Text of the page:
8 Tips for Greeting Dogs You Don’t (or Barely) Know

1. Greet the human first — As hard as it may be, it’s important to shift your attention away from the cute dog you’d like to meet and greet the owner first. Ask her if it’s okay to interact with the dog. The pup is likely to be more relaxed if you make her human comfortable, first.

2. Let the dog come to you — Walking quickly and directly toward a dog and his owner can be dicey if you’re a stranger. It’s best to slow your pace, keep a polite distance, and let the dog come to you.

3. Offer a loosely closed fist, palm down — Once the dog seems comfortable in your presence, bring your fist toward his nose for him to smell. Your fist is smaller than your open hand with fingers extended, so it’s less threatening. And remember, some dogs are afraid of human hands (see muzzle grabbing, above!).

4. Limit petting to the dog’s shoulders, neck or chest — Once the dog has sniffed your closed fist and seems relaxed, you can use the back of your open hand to gently pet his shoulders, neck or chest — but not his head or hindquarters.

5. Avoid eye contact and head-on greetings — Eye contact and head-on greetings are natural for humans, but not so much for dogs. Many dogs feel threatened or challenged by one or both of these behaviors. If possible, position yourself beside the dog instead of in front of him. You can also turn your body sideways.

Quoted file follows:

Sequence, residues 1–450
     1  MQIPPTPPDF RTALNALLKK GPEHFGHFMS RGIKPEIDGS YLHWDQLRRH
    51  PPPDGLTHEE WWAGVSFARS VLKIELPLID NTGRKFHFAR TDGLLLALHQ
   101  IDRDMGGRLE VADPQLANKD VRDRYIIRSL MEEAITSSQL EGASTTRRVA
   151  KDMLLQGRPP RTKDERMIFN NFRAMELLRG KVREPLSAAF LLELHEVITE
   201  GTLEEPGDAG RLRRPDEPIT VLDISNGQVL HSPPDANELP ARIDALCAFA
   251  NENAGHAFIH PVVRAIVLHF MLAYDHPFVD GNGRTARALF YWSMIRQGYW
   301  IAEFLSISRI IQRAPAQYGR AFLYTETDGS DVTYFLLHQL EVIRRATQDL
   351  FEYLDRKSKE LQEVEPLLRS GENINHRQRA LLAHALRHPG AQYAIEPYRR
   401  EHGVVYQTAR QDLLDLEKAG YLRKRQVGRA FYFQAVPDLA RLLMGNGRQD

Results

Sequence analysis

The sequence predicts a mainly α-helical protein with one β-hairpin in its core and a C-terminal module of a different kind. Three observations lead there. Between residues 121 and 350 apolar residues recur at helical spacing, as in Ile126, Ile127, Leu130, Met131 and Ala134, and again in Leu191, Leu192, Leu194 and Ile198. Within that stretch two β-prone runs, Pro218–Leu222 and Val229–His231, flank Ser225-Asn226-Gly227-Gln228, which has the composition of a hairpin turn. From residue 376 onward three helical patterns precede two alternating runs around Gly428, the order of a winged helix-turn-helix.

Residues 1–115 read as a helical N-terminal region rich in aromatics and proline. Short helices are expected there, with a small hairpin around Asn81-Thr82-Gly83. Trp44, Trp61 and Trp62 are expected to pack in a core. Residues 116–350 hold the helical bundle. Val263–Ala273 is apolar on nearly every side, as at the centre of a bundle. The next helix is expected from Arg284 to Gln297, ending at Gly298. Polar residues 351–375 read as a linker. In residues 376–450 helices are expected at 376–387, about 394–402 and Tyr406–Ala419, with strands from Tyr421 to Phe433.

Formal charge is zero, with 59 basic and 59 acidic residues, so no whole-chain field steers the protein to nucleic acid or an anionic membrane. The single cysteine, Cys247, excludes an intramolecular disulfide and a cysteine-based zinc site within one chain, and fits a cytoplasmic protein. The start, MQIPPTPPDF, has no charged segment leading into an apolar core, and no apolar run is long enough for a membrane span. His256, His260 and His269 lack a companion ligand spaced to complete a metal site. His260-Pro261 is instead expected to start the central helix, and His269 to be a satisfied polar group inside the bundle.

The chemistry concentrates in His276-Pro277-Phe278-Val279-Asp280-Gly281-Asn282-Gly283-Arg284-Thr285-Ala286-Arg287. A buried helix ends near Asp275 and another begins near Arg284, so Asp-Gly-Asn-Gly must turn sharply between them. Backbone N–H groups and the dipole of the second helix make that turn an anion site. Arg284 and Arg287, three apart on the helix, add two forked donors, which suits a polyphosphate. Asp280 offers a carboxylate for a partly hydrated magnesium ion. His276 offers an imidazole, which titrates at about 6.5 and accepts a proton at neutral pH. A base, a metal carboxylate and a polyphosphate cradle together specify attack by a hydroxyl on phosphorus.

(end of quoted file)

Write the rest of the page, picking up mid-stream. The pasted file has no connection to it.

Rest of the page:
6. Don't bend over the dog — Humans are taller than dogs, which can be intimidating for them. While it may feel natural to you to bend over when greeting a dog you don’t know, she may feel threatened. Instead, squat down to get more on her level, and keep a respectful distance.

7. Allow the dog to set the terms of the meet-and-greet — If a dog moves away after he’s greeted you, don’t pursue him or reach for him. If a dog you’ve just met and are petting suddenly jerks his head toward your hand and bumps it with his nose, stop whatever you’re doing and create some space between you. Ditto with a dog who assumes a wide-legged stance, lock eyes with you, and backs up.

8. Don't attempt to greet a dog you’re afraid of — Dogs pick up on human emotions. If you’re fearful, there’s a good chance the dog will sense it and she might become defensive or even aggressive in response.